|GNU Bash Reference Manual|
by Chet Ramey and Brian Fox
Paperback (6"x9"), 180 pages
RRP £19.95 ($29.95)
"An essential resource .... the most detailed coverage available for all aspects of Bash" --- Linux User and Developer Magazine (Issue 37, Mar 2004) Get a printed copy>>>
7.2 Job Control Builtins
bg [jobspec ...]Resume each suspended job jobspec in the background, as if it had been started with ‘&’. If jobspec is not supplied, the current job is used. The return status is zero unless it is run when job control is not enabled, or, when run with job control enabled, any jobspec was not found or specifies a job that was started without job control.
fg [jobspec]Resume the job jobspec in the foreground and make it the current job. If jobspec is not supplied, the current job is used. The return status is that of the command placed into the foreground, or non-zero if run when job control is disabled or, when run with job control enabled, jobspec does not specify a valid job or jobspec specifies a job that was started without job control.
jobs [-lnprs] [jobspec] jobs -x command [arguments]The first form lists the active jobs. The options have the following meanings:
- List process IDs in addition to the normal information.
- Display information only about jobs that have changed status since the user was last notified of their status.
- List only the process ID of the job's process group leader.
- Restrict output to running jobs.
- Restrict output to stopped jobs.
-xoption is supplied,
jobsreplaces any jobspec found in command or arguments with the corresponding process group ID, and executes command, passing it arguments, returning its exit status.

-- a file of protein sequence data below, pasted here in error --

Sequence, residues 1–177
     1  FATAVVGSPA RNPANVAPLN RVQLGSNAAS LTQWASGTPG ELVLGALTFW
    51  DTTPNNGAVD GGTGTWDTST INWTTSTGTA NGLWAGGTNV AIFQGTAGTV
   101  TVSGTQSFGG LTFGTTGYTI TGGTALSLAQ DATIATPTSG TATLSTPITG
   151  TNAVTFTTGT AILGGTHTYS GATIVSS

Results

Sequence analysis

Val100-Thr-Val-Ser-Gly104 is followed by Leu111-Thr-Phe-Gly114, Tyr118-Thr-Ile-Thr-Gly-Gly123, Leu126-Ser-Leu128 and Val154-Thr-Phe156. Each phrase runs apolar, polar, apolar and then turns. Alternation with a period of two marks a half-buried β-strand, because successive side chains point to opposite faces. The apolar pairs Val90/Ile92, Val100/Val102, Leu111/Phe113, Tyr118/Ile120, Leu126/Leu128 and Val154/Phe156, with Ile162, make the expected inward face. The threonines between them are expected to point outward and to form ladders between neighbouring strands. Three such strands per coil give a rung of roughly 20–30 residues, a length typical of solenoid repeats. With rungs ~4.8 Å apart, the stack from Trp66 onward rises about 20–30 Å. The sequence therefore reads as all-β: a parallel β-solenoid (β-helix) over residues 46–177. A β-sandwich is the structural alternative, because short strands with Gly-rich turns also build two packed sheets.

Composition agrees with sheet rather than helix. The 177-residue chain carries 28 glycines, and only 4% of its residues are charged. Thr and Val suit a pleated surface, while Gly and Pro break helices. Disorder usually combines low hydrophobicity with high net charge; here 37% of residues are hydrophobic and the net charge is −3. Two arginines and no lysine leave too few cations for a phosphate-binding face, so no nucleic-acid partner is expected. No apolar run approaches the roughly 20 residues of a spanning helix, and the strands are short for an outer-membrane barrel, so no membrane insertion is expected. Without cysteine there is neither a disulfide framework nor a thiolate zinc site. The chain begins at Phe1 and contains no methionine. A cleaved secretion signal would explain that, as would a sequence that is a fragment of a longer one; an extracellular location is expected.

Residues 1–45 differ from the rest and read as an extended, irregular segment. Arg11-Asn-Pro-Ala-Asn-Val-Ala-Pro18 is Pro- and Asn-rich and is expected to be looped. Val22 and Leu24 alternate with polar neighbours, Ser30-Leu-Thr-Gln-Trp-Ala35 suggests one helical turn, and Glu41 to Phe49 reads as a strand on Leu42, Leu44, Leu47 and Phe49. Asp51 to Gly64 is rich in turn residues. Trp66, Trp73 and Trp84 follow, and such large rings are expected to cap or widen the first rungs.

kill [-s sigspec] [-n signum] [-sigspec] jobspec or pid kill -l [exit_status]Send a signal specified by sigspec or signum to the process named by job specification jobspec or process ID pid. sigspec is either a case-insensitive signal name such as
SIGINT(with or without the
SIGprefix) or a signal number; signum is a signal number. If sigspec and signum are not present,
SIGTERMis used. The
-loption lists the signal names. If any arguments are supplied when
-lis given, the names of the signals corresponding to the arguments are listed, and the return status is zero. exit_status is a number specifying a signal number or the exit status of a process terminated by a signal. The return status is zero if at least one signal was successfully sent, or non-zero if an error occurs or an invalid option is encountered.
wait [jobspec or pid ...]Wait until the child process specified by each process ID pid or job specification jobspec exits and return the exit status of the last command waited for. If a job spec is given, all processes in the job are waited for. If no arguments are given, all currently active child processes are waited for, and the return status is zero. If neither jobspec nor pid specifies an active child process of the shell, the return status is 127.
disown [-ar] [-h] [jobspec ...]Without options, each jobspec is removed from the table of active jobs. If the
-hoption is given, the job is not removed from the table, but is marked so that
SIGHUPis not sent to the job if the shell receives a
SIGHUP. If jobspec is not present, and neither the
-roption is supplied, the current job is used. If no jobspec is supplied, the
-aoption means to remove or mark all jobs; the
-roption without a jobspec argument restricts operation to running jobs.
suspend [-f]Suspend the execution of this shell until it receives a
-foption means to suspend even if the shell is a login shell.
When job control is not active, the
builtins do not accept jobspec arguments. They must be
supplied process IDs.
|ISBN 0954161777||GNU Bash Reference Manual||See the print edition|